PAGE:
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Authors of fiction do something for us that goes far beyond the mechanics of plot. They create, or recreate, a time and a place drawn from both their own experiences and their imaginations. Few authors do that with the skill and dexterity of Alan Hollinghurst. He can imagine wholly fleshed characters as complex and detailed as an individual artist as well as his oeuvre—not only the vagaries of their personality, but the whole body of their work—as he did so effectively in his earlier masterpiece, The Folding Star. This understanding of an artist’s skills extends to his own work. He, in fact, paints a world in more vivid detail than any visual artist can and lets us, the reader, dwell there for a time until we, with much regret, turn the last page. Many authors aspire to this, a lucky few have the skill necessary, and a mere handful, living and working today, do it as well as Hollinghurst.
In The Sparsholt Affair, Hollinghurst brings alive a generational tale that begins at the dawn of WWII in the storied world of Oxford University. An early manifestation of gay culture exists here and the men who people it are enraptured by a young oarsman of great beauty, aspiring RAF pilot David Sparsholt. It is Sparsholt, although he makes only brief appearances himself, that this narrative revolves around via his notorious reputation and later the life of his son, Johnny, an out portrait artist living in London. A fascinating group of academics, artists, and scholars who are those originally enthralled by Sparsholt provide a fascinating supporting cast as they live, create, and age through the decades that follow. Many of them befriend Johnny Sparsholt as a young artist, and we are taught something about aging with dignity, especially in gay culture where youth and beauty are worshipped and the march of time fought, until it is ultimately ignored. Characters such as Evert, a poet and art collector who loved Sparsholt in those Oxford years, age with grace and on their own terms and in Evert’s case, with the love and companionship of an attractive younger man. This theme carries over into Johnny’s life as we come to the present day and he hits his sixties finding himself single for the first time in years.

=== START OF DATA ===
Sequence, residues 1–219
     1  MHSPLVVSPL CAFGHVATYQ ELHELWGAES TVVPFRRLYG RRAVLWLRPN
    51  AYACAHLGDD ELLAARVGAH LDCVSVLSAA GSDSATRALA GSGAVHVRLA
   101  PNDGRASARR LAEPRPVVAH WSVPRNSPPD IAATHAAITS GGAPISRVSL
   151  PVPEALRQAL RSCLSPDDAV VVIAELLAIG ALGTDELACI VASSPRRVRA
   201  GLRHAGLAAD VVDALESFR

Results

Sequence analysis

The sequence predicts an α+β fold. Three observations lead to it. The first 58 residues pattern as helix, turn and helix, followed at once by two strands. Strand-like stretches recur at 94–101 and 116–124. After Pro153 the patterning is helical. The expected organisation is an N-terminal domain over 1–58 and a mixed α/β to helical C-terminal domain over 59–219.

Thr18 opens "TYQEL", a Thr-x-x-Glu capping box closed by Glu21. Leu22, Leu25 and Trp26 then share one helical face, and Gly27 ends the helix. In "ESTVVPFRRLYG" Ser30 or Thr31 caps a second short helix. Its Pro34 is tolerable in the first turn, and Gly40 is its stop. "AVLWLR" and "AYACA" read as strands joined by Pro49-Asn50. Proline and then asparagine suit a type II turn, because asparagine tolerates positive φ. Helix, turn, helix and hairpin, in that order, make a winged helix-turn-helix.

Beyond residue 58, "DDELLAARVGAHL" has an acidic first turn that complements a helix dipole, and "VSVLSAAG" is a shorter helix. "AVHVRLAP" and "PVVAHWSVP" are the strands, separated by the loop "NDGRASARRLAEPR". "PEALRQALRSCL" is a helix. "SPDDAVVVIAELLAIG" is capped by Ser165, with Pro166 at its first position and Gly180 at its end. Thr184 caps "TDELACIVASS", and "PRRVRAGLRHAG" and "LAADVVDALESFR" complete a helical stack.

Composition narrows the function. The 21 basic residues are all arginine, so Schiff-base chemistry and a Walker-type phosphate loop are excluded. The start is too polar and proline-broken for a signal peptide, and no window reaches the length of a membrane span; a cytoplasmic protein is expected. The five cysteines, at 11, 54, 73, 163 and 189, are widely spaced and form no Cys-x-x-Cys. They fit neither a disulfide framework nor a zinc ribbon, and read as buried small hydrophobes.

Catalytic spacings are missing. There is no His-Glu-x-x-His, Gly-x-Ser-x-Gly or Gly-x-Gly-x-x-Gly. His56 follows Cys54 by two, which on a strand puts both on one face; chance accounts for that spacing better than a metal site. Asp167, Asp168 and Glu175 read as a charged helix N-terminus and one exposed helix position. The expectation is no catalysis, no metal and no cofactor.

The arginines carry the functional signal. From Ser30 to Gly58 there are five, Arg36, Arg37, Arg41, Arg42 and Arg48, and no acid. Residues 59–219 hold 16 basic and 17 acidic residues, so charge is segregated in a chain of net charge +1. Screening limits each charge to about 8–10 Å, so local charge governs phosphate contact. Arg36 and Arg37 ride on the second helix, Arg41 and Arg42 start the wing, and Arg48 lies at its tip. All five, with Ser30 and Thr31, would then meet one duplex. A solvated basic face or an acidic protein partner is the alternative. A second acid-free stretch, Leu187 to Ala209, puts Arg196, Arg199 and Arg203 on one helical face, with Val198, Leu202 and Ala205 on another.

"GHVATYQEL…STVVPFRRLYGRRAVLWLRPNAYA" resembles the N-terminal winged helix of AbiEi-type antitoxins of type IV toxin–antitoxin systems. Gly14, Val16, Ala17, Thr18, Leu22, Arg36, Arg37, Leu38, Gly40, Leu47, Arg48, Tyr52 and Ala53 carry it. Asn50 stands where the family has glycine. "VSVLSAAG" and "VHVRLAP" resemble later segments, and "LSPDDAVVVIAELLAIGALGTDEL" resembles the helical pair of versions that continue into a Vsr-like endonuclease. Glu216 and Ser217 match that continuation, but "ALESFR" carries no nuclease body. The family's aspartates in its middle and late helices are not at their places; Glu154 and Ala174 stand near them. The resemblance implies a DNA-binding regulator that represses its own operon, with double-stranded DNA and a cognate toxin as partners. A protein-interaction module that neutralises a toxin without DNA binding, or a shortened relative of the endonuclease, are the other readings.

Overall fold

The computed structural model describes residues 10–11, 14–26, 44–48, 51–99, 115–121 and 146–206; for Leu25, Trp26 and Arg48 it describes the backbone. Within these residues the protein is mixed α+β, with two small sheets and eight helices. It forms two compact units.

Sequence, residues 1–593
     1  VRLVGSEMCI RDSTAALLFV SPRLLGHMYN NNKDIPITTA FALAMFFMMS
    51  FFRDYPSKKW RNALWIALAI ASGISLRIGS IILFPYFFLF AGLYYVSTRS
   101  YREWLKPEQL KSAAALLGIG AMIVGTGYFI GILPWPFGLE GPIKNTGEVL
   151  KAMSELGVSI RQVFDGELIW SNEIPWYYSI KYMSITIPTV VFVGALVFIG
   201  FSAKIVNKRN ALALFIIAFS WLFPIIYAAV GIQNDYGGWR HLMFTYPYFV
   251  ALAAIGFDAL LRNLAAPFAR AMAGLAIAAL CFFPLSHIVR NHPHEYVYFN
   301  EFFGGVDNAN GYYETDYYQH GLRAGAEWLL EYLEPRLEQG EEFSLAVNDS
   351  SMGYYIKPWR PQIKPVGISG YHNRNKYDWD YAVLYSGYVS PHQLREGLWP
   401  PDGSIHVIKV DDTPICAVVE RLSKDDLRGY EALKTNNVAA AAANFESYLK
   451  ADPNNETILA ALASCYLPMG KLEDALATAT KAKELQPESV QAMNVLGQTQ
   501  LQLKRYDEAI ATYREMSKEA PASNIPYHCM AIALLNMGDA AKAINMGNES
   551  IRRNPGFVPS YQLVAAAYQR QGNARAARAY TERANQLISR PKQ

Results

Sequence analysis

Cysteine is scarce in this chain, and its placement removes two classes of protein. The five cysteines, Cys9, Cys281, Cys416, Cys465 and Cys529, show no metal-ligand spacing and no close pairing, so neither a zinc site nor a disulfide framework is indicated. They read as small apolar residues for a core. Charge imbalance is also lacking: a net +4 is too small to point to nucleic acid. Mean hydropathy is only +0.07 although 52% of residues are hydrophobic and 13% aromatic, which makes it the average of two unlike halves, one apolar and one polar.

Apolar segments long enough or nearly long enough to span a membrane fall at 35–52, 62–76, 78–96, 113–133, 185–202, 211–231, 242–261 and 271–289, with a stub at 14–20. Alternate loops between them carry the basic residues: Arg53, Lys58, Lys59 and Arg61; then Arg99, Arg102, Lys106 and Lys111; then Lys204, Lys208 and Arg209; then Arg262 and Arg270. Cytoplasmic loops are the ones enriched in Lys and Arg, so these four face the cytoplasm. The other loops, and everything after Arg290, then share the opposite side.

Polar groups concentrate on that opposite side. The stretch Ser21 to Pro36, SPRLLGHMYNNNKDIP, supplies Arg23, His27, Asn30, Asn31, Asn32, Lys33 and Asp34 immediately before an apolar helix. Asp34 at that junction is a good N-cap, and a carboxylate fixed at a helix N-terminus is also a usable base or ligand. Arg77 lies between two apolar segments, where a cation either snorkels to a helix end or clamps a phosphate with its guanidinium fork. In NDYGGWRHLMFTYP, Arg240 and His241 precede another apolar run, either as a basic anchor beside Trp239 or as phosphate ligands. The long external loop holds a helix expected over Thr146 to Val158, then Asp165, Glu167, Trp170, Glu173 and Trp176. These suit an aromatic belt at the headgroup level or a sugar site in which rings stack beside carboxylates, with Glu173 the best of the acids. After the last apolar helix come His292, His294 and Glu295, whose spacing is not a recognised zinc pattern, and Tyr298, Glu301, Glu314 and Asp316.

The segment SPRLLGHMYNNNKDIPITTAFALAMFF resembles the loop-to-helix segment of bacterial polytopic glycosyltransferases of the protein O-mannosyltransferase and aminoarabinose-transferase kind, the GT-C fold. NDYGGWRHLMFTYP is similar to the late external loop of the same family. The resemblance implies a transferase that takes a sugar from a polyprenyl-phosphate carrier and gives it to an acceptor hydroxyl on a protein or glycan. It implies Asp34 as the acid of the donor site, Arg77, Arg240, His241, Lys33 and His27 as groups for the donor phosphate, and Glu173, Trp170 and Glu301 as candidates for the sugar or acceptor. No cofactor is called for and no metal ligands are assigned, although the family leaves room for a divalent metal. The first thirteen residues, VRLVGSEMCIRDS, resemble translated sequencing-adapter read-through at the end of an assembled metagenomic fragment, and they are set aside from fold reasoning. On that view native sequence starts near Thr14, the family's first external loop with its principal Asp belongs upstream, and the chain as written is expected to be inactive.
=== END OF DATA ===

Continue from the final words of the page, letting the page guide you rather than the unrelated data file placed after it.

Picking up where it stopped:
The Sparsholt Affair is a novel in five pieces—five places in time lovingly brought to life by Hollinghurst, as is his strength. The eponymous “Affair” is one that will be slowly revealed to the reader. Once we feel this world fully, he brings to life this unforgettable cast. They live in our minds—some until their decline and death—and a plot of complex twists and turns is never needed. This may be fiction, but it is an authentic story of fully-drawn personalities that are often flawed, in their very human way, but never boring. This is another device that Hollinghurst uses effectively here, better than any working author today, he tells real stories about characters he’s realized so fully, you’d swear that they lived and drew breath. Hollinghurst has been long and short listed for all the major awards, winning several, and no less can be expected of this extraordinary new effort.
The Sparsholt Affair
By Alan Hollinghurst
Hardcover, 9781101874561, 464 pp.